The problem isn’t abortion. The problem isn’t gay marriage. The problem isn’t “no prayer in schools”. The problem is fear. That’s right. Fear. Since I can remember, I’ve seen a steady decline in the ratio of “Christian ethics” being upheld by the government. More and more things which I would consider morally unethical are becoming prevalent in both society and law. Many Christians cannot stand this. They fight for their rights as both American citizens and disciples of God.
In a perfect world, yes, the government would take it’s lawmaking straight from the new testament, and everyone would think that’s fine and dandy. Problem is, that’s never going to happen. Thankfully, we live in a country where each citizen’s voice, regardless of faith or origin, can be heard. This means that as Christians, we are allowed to vote and influence our government towards solutions which we see as more ethical, moral, or just plain smart. We also hold tight to the fact that the country was founded on Christian beliefs, and should stay that way. Not so surprisingly, as the general public has degenerating morals, so does the government. Yet Christians seem surprised, they fight to hold on to a government which doesn’t represent it’s people. The American public is becoming less and less morally upstanding (in my humble opinion). So obviously a government which represents it’s people is going to become less and less in tune with the ideas of Christ. And that’s why I say the problem isn’t abortion, gay marriage, or any other ethical quandary The problem is fear. We fear persecution
Don’t take this message the wrong way, I do believe, as disciples of God, that we have a duty (haha… duty…) to our country. We should speak out. We should make our voice heard. We should try to vote Christian ethics into government. Yet as the population shifts away from Christian ideals, we must realize that so will our government. This doesn’t mean we should fight harder. This is one of the simple reasons Christians are getting such a foul reputation. Excuse me while I address this issue.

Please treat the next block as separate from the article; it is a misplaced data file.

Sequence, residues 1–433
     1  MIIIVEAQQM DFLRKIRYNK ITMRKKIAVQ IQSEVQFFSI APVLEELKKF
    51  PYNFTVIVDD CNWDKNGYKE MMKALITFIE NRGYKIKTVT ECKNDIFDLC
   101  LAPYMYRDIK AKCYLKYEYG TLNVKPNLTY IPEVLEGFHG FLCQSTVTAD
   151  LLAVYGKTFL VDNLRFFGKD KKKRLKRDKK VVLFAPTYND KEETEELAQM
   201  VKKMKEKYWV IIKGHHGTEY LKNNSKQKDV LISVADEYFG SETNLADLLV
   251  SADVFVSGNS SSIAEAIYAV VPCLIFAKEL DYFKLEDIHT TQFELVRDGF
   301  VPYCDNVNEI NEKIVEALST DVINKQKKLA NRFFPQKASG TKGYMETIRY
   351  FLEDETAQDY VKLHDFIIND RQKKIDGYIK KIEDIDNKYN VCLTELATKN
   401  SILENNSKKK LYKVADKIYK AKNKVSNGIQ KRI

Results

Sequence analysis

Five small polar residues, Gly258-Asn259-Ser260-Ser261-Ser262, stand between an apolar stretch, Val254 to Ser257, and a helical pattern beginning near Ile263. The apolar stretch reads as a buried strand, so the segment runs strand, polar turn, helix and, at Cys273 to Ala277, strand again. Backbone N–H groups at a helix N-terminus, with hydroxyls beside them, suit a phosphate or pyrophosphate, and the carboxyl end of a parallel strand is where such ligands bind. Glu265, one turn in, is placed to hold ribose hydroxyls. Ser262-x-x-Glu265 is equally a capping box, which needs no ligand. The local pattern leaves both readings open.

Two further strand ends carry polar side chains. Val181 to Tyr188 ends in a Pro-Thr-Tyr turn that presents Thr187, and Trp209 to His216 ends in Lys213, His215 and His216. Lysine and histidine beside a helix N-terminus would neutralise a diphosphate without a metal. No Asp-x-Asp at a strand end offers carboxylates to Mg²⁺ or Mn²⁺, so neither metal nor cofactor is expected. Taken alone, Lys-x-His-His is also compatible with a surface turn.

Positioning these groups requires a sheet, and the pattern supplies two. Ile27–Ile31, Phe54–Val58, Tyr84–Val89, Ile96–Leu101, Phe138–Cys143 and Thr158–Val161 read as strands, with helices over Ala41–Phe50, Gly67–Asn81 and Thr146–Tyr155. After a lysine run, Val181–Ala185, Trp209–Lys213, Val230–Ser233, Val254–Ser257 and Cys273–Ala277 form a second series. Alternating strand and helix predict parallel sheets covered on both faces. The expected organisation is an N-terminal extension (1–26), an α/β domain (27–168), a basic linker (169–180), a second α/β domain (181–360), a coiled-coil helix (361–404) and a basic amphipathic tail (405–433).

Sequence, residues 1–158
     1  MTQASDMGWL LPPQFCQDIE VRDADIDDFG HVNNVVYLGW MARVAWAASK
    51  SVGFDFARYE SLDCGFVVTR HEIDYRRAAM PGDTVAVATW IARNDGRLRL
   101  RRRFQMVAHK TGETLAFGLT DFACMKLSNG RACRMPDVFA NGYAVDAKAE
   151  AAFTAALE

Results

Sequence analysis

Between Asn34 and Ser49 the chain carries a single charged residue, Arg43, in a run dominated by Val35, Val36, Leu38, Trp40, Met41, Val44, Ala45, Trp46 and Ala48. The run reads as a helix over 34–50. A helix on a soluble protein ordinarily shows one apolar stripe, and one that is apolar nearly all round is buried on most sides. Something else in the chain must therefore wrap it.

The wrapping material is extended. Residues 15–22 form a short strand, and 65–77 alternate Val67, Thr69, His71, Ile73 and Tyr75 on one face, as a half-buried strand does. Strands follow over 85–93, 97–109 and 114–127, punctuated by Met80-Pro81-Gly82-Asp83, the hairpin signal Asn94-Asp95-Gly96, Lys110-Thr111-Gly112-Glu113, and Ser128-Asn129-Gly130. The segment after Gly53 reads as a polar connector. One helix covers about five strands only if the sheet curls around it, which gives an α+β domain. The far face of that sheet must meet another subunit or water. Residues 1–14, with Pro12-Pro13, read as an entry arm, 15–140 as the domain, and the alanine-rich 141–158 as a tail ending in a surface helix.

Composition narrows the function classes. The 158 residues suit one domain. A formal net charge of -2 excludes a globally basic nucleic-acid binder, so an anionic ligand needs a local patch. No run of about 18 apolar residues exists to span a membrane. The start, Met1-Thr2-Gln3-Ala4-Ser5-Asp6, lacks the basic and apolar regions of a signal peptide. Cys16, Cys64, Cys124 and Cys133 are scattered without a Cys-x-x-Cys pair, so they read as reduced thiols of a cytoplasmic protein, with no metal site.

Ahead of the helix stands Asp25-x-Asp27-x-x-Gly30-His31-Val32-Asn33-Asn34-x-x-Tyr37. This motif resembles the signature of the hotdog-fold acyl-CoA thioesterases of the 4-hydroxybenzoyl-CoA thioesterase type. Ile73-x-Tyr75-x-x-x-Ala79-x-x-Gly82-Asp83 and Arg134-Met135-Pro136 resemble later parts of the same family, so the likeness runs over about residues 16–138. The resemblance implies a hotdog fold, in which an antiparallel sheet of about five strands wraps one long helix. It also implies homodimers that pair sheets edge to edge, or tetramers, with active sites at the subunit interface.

We are the minority now, fighting to control the majority. It seems rather obvious that the majority will look on us as entitled and obnoxious. I am reminded of a child, used to getting their way, being told “no”. They simply cannot fathom a world where the thing they desire and ask for is not handed to them. Proverbs 16:28-29 states simply, “A perverse man stirs up dissension, … A violent man entices his neighbor.” I believe that these two verses place some good guidelines on how we should be outspoken. Are we stirring up dissension? Then we’ve gone too far, are we enticing our neighbor (to anger, malice, hate, you name it)? Then we’ve gone too far. We don’t have any more rights to the government we want than the next guy. If there’s more “next guy’s” than “us”, then it simply will not go our way. We are called to make our voice heard, but not to shout over the rest of America.
Why do we shout ? We’re scared. Christians in America are so scared of persecution. We are scared that our way of life will no longer be “acceptable” in the eyes of the law. We are so accustomed (especially the older generations) to having a life where our faith is the “norm”, and where we are absolutely unwavering in our stance that persecution is a bad thing for us.
I’m here to gently remind everyone that the bible is painfully clear about persecution. It’s a blessing. A blessing. It’s not something to avoid. It’s not something to be scared of. It’s something to thank God for. Even something to ask God for.
2 Timothy 3:12 is quite clear, “In fact, everyone who wants to live a godly life in Christ Jesus will be persecuted.” Well sign me up for persecution then! I want to live a godly life! A godly life was never said to be easy. You know when persecution is a requirement that it’s going to be rough. Yet surprisingly, we are delivered with another comforting verse. 2 Corinthians 12:9-10, “But he [the Lord] said to me, ‘My grace is sufficient for you, for my power is made perfect in weakness.‘ Therefore I will boast all the more gladly about my weaknesses, so that Christ’s power may rest on me. That is why, for Christ’s sake, I delight in weaknesses, in insults, in hardships, in persecutions, in difficulties. For when I am weak, then I am strong.” Man, if that’s not encouraging, I don’t know what is. A God who’s power is made perfect in weakness? Weakness is exactly what I’m heading towards! What with all this persecution and all.
My point is this. God never said we will have a Christian government. We can wish for one, we can vote for one, but that doesn’t always get us one. I believe God is going to use these changing winds in our society and government for his glory. Through persecution and peer pressure, Christians will simply either give up, or be given God’s power in their weakness. I pray this will lead to a much stronger “average” faith in America. I believe the church as a whole will only become more powerful (not in the law, but in love) than ever before in the coming decades. I look forward to that day and take comfort in God’s power now. It is both scary and exciting to head in a direction which does not allow for luke-warm Christianity. So are you in or out?